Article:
Palmer Amaranth: Amaranthus palmeri
||Weed Description: An erect
summer annual that may reach 6 1/2 feet in height. Palmer amaranth closely resembles
many other pigweed species, and is found throughout the southern United States from
southern California to Virginia.
|Seedling: Stems below the cotyledons
(hypocotyls) are without hairs (glabrous) but may sometimes be slightly hairy, and are
often red in color. Cotyledons are narrow (10-12 mm long) and green to reddish in
color on the upper surface. Lower surfaces of cotyledons have a reddish tint.
First true leaves are alternate, ovate in shape, and are slightly notched at the tip of
the leaf blade (apex).
||Leaves: Alternate, without hairs
(glabrous), and lance-shaped or egg-shaped in outline. Leaves are 2 to 8 inches long
and 1/2 to 2 1/2 inches wide with prominent white veins on the undersurface. Leaves
occur on relatively long petioles.
that is often, but not always, reddish in color.
Fruit: A single seeded utricle that reaches 2 mm
in length and are wrinkled when dry. Each utricle splits open in the middle to
expose a single glossy black to dark brown seed that is 1 to 1.2 mm long.
|Stems: One central stem occurs from
which several lateral branches arise.
|Flowers: Small, green, inconspicuous
flowers are produced in dense, compact, terminal panicles that are from 1/2 to 1 1/2 feet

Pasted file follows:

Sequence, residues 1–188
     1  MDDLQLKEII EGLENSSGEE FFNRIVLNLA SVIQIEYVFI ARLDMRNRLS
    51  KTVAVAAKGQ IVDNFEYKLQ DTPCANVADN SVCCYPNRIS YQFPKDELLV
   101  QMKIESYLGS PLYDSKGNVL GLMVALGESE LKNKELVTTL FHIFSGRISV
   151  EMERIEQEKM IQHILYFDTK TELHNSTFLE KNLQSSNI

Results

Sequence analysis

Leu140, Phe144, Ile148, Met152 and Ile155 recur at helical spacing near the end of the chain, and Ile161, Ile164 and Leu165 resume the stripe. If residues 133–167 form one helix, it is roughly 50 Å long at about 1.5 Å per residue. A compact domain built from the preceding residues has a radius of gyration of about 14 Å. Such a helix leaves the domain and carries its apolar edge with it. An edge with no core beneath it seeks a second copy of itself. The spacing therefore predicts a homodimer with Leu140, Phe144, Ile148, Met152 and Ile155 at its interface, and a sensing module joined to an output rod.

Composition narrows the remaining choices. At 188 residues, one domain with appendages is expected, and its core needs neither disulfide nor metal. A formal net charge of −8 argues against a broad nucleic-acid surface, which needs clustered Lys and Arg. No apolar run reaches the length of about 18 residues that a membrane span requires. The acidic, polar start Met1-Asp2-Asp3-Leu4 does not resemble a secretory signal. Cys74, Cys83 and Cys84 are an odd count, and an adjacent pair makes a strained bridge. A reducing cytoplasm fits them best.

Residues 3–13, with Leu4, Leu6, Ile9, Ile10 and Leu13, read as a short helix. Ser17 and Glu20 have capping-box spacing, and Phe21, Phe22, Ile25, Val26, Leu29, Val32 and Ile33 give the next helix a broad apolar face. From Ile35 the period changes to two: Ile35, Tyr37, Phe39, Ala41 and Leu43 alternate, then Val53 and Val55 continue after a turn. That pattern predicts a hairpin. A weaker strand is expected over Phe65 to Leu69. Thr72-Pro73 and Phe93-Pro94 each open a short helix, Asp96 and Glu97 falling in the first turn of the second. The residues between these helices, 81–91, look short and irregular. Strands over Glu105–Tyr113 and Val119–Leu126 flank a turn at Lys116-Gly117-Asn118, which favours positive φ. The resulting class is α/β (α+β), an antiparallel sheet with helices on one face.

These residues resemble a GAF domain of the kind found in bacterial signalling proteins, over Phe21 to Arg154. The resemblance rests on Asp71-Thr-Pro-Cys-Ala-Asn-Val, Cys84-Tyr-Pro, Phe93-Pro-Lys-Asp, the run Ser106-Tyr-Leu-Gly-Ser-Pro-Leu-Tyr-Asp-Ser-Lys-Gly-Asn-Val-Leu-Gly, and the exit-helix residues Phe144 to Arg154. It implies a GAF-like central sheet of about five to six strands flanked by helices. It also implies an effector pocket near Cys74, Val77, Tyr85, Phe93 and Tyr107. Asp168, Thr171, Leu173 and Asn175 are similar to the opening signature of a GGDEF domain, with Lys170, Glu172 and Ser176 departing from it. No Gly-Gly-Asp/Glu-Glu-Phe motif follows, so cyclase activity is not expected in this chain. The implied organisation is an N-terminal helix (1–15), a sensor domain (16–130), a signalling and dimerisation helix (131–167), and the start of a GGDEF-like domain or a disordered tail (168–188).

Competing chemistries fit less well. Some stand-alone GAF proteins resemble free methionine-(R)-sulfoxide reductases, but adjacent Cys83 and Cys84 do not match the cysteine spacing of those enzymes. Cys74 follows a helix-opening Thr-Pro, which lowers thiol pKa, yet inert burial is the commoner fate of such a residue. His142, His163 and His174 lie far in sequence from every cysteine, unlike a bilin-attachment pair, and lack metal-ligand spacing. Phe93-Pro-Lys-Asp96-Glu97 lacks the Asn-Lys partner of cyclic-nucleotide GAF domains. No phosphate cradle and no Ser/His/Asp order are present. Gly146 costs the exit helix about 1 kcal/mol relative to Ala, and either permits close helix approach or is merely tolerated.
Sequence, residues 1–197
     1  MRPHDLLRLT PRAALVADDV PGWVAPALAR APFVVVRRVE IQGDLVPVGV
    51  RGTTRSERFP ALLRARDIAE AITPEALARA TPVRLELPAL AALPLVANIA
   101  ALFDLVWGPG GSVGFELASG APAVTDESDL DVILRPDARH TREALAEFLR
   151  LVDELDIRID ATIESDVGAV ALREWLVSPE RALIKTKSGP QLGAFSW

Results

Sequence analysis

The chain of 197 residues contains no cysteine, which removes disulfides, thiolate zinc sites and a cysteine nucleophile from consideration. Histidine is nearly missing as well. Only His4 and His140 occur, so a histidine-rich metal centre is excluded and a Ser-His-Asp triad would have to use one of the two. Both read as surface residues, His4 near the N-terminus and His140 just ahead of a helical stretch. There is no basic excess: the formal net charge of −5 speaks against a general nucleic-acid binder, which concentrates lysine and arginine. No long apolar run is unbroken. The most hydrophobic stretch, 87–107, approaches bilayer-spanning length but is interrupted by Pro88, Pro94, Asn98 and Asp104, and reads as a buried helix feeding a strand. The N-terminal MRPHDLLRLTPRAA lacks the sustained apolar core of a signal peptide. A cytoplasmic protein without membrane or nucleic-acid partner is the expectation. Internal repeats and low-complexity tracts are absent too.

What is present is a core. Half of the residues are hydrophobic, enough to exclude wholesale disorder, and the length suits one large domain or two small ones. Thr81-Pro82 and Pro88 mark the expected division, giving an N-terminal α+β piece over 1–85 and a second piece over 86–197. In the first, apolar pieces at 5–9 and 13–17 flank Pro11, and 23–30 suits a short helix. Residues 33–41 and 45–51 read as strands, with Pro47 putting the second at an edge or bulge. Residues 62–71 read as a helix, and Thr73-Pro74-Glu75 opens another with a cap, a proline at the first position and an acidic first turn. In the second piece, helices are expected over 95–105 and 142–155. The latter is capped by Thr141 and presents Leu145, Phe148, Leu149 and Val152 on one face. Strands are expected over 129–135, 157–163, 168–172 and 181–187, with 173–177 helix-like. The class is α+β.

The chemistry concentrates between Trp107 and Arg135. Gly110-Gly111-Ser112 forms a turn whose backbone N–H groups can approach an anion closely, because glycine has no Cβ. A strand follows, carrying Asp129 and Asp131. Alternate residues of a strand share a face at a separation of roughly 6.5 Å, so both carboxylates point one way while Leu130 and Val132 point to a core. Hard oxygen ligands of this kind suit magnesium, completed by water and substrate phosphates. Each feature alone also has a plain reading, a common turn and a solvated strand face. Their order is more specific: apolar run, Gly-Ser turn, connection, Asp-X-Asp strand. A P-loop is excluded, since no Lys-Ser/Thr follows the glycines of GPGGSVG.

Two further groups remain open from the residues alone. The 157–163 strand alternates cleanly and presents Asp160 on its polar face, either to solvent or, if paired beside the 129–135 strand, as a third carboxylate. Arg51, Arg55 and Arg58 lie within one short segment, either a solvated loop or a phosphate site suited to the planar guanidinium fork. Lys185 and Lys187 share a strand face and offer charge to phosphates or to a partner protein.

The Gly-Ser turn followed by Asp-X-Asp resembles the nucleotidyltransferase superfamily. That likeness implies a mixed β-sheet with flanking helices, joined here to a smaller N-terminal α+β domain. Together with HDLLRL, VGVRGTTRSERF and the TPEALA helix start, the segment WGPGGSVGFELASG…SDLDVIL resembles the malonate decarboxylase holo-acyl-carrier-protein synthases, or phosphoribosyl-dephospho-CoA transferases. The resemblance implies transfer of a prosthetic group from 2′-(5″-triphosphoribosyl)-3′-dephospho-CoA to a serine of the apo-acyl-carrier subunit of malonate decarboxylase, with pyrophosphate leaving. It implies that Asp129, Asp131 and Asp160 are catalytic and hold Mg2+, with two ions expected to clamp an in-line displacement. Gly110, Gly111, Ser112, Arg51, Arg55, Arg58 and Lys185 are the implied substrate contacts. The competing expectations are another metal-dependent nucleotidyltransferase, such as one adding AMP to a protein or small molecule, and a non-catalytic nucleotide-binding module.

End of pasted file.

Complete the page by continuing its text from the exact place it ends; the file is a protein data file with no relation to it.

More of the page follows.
in length. Smaller lateral inflorescences also occur between the stem and the leaf
petioles (leaf axils). Male and female flowers occur on separate plants. Each
terminal panicle contains many densely packed branched spikes that have bracts that are 3
to 6 mm long.
||Identifying Characteristics: Dense,
compact terminal panicles and relatively tall plants with alternately arranged leaves with
petioles that are longer than the leaves. Palmer amaranth is often confused with
other similar pigweed species. However, no other pigweed species have terminal
panicles that reach 1 1/2 feet in length. Additionally, the terminal spike of palmer
amaranth is much smoother and narrower and less spike-like than either Redroot Pigweed (Amaranthus retroflexus) or smooth pigweed (Amaranthus
hybridus). The leaves of palmer amaranth are also without hairs and have
prominent white veins on the undersurface unlike those of redroot pigweed. These
species may also resemble Common Lambsquarters (Chenopodium
album) in the cotyledon stage, however common lambsquarter's cotyledons often have a
mealy gray cast and the first true leaves are alternate, unlike any of the pigweed